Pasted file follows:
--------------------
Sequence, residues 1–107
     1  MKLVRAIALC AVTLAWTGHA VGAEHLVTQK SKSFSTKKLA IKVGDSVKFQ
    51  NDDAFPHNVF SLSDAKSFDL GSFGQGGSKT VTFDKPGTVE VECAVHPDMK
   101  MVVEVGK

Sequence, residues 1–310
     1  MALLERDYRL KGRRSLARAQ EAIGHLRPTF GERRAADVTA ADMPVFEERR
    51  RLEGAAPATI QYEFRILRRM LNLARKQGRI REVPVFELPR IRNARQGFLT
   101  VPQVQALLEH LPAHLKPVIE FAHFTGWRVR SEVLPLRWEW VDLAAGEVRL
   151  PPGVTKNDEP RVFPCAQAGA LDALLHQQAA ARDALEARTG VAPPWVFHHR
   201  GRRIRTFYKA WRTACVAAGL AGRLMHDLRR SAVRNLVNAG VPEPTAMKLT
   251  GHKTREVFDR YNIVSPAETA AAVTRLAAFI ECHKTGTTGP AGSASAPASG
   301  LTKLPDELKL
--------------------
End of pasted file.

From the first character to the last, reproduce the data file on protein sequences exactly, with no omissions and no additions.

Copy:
Sequence, residues 1–107
     1  MKLVRAIALC AVTLAWTGHA VGAEHLVTQK SKSFSTKKLA IKVGDSVKFQ
    51  NDDAFPHNVF SLSDAKSFDL GSFGQGGSKT VTFDKPGTVE VECAVHPDMK
   101  MVVEVGK

Sequence, residues 1–310
     1  MALLERDYRL KGRRSLARAQ EAIGHLRPTF GERRAADVTA ADMPVFEERR
    51  RLEGAAPATI QYEFRILRRM LNLARKQGRI REVPVFELPR IRNARQGFLT
   101  VPQVQALLEH LPAHLKPVIE FAHFTGWRVR SEVLPLRWEW VDLAAGEVRL
   151  PPGVTKNDEP RVFPCAQAGA LDALLHQQAA ARDALEARTG VAPPWVFHHR
   201  GRRIRTFYKA WRTACVAAGL AGRLMHDLRR SAVRNLVNAG VPEPTAMKLT
   251  GHKTREVFDR YNIVSPAETA AAVTRLAAFI ECHKTGTTGP AGSASAPASG
   301  LTKLPDELKL